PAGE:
Immune regulation in atopic dermatitis

Curr Opin Immunol. 2000 Dec;12(6):641-6. doi: 10.1016/s0952-7915(00)00156-4.


Atopic dermatitis is a chronic inflammatory skin disease with a pathogenesis of complex immune dysregulation and interplay of genetic, environmental and psychological factors. Activation and skin-selective homing of peripheral-blood T cells, and effector functions in the skin, represent sequential immunological events in the pathogenesis of atopic dermatitis. Both CD4(+) and CD8(+) T cells bearing the cutaneous-lymphocyte-associated antigen represent activated memory/effector T cell subsets and induce IgE, mainly via IL-13, and prolong eosinophil lifespan, mainly via IL-5. Dysregulated apoptosis in skin-homing T cells and keratinocytes contributes to the elicitation and progress of atopic dermatitis. T cell survival is enhanced in the skin by cytokines and extracellular-matrix proteins. These activated T cells induce keratinocyte apoptosis, leading to eczema formation.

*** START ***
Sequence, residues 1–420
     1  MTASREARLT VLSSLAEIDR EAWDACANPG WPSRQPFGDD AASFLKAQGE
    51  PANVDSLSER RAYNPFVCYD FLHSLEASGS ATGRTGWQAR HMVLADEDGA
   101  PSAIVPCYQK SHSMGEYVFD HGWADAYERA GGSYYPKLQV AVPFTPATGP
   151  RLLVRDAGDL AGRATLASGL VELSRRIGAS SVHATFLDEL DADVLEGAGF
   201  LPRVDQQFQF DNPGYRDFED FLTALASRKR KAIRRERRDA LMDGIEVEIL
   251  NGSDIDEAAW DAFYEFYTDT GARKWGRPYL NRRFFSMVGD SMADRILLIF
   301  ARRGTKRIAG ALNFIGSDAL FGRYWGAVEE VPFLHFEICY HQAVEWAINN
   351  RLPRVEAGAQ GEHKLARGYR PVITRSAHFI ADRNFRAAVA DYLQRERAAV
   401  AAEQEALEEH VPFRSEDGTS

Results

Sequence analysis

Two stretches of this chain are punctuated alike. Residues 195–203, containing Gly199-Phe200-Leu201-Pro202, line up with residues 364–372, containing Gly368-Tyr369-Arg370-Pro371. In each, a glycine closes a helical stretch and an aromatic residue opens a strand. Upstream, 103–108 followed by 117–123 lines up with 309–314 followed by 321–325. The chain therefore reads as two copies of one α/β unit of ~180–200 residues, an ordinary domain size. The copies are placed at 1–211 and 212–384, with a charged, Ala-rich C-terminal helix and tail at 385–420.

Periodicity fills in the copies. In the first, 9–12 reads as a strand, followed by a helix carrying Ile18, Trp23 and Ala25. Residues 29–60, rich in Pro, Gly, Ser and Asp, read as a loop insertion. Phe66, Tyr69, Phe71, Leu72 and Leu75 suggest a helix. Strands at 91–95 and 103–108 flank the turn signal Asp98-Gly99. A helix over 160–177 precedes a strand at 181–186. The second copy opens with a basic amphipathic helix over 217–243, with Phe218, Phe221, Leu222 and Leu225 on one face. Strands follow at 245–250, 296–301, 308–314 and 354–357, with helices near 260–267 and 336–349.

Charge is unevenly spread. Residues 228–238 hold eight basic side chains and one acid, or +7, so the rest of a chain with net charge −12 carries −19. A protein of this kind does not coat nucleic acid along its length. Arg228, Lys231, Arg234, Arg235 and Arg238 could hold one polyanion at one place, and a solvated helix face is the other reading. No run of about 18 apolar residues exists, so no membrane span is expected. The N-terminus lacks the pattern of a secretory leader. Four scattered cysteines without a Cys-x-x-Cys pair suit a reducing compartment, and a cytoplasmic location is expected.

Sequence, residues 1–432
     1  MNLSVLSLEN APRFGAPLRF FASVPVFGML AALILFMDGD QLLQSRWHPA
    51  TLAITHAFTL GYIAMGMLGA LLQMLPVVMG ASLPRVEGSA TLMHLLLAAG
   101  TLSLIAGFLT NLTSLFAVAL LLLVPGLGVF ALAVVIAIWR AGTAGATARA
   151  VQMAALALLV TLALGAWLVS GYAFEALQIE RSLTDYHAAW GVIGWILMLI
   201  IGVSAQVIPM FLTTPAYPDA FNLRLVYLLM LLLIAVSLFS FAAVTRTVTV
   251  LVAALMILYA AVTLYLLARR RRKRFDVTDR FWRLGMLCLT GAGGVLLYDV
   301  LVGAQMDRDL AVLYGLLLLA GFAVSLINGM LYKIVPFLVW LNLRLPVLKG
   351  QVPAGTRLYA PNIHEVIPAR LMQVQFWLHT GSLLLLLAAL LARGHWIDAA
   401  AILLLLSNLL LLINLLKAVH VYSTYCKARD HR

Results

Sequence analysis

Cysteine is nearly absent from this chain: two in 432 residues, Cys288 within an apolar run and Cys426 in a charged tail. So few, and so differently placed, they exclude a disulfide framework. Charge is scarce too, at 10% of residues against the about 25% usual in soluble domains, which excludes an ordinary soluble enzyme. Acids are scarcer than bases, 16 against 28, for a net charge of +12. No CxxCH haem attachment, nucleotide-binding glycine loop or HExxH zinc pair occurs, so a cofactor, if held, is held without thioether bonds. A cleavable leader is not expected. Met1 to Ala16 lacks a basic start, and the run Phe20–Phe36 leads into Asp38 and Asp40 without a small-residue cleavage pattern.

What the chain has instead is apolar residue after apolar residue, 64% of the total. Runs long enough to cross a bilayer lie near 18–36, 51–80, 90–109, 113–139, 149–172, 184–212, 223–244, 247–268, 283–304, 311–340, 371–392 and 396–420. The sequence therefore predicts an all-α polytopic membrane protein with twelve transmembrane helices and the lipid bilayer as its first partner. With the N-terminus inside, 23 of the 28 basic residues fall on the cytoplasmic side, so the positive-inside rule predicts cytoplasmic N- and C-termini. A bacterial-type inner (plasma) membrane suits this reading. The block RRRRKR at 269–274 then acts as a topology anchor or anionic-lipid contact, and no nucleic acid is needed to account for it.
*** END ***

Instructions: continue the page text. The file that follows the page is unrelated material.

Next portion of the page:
Publication types

  • Research Support, Non-U.S. Gov't
  • Review

MeSH terms

  • Animals
  • Dermatitis, Atopic / immunology*
  • Humans
  • Lymphocyte Activation / immunology
  • Skin / immunology
  • T-Lymphocytes / immunology*